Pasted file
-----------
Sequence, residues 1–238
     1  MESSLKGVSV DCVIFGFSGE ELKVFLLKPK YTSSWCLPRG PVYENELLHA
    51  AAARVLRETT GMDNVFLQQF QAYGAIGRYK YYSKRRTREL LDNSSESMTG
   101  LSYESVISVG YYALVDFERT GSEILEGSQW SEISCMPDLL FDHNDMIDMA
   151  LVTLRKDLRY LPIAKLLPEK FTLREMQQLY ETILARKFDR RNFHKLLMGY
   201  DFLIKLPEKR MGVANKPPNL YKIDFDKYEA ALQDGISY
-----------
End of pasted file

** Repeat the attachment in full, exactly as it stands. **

Sequence, residues 1–238
     1  MESSLKGVSV DCVIFGFSGE ELKVFLLKPK YTSSWCLPRG PVYENELLHA
    51  AAARVLRETT GMDNVFLQQF QAYGAIGRYK YYSKRRTREL LDNSSESMTG
   101  LSYESVISVG YYALVDFERT GSEILEGSQW SEISCMPDLL FDHNDMIDMA
   151  LVTLRKDLRY LPIAKLLPEK FTLREMQQLY ETILARKFDR RNFHKLLMGY
   201  DFLIKLPEKR MGVANKPPNL YKIDFDKYEA ALQDGISY